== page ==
In the New York Times’ (October 11) article titled, “Debating points, Vice Presidential Edition” dealing with Vice Presidential debates held on October 11, there was the following sentence:
“How are the undecided voters breaking after the first debate? Does the trend toward Obama, which began in mid-July, continue? It does. The still undecided voters continue to break for Obama by more than 2 to 1. Whether the wave that broke for Romney in most national polling after the debate will come later to our cohort, there is of course no way to know.”
I thought “break for” is just a casual idiom, and guessed it means to “go for / support” from the context of the above sentence. However, when I checked dictionaries to make sure of it, I was unable to find “break for” as an idiom in any of Cambridge, Oxford, and Merrimu-Webster dictionary.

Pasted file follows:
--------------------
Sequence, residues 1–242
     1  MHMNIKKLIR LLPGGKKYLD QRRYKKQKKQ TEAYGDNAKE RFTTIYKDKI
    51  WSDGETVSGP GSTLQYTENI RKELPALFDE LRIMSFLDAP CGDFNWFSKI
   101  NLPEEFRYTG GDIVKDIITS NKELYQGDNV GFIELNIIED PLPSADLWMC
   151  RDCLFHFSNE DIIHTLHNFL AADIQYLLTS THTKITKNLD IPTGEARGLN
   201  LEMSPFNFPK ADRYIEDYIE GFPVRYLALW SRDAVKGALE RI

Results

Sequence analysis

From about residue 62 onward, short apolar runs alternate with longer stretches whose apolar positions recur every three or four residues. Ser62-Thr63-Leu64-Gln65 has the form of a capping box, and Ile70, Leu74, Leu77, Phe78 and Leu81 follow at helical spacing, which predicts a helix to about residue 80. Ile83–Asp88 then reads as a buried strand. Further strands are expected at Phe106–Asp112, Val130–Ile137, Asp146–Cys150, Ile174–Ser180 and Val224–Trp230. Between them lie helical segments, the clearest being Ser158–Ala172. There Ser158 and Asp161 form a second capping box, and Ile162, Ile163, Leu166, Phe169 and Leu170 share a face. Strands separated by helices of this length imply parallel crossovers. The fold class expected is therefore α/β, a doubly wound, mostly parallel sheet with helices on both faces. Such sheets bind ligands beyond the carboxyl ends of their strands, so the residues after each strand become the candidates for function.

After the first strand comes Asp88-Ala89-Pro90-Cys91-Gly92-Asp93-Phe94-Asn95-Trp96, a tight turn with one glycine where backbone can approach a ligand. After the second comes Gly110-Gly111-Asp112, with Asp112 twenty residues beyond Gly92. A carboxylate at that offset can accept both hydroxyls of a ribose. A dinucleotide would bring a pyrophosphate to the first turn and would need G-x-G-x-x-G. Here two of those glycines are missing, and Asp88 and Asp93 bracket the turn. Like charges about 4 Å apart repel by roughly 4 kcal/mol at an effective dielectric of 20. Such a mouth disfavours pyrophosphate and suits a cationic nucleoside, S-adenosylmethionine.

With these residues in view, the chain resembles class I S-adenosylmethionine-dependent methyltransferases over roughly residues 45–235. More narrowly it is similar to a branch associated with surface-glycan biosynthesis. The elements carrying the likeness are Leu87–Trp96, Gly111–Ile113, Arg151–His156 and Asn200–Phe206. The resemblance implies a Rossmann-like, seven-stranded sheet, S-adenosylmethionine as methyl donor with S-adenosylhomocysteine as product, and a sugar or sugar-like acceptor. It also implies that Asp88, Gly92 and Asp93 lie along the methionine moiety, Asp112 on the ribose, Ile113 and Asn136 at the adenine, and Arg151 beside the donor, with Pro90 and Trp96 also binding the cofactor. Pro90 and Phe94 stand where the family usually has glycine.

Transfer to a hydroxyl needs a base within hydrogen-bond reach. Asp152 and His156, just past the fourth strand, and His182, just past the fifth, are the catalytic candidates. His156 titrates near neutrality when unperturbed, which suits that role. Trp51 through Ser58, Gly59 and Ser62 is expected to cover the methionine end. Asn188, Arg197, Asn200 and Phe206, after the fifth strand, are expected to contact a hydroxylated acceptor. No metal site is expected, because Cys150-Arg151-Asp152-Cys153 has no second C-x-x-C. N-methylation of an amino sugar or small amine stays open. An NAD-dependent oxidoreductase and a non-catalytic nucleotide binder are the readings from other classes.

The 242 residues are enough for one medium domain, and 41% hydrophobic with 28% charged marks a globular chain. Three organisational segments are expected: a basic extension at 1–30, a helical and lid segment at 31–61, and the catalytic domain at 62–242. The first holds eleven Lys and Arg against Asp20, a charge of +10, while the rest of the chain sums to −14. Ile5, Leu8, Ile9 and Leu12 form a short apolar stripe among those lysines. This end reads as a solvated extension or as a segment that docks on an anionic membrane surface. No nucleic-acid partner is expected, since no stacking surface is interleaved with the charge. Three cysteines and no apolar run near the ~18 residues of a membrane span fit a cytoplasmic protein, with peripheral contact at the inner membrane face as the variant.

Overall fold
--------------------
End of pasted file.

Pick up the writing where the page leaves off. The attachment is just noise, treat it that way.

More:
Oxford registers “break away (down, forth, in, off, out trough, up, into),” but for “break for.”
Cambridge registers only “break away (off, up)” as idioms.
Merriam-Webster registers only break (down, in, off) as idioms.
Google NGram registers “break for,” whose usage is consistently upward since 1840.
I was barely able to find the following definitions of “break for something” in idioms.thefreedictionary.com/:
- to stop working for something else, such as lunch, coffee, etc.
- to run suddenly toward something; to increase dramatically one's speed while running.
But neither of the above definitions seems to be applicable to “the wave that broke for Romney in national polling”
Does “break for” in “the wave that broke for Romney” mean “go for / support” Romney, or otherwise? Isn’t “break for” an established idiom, though no major dictionaries carry the word?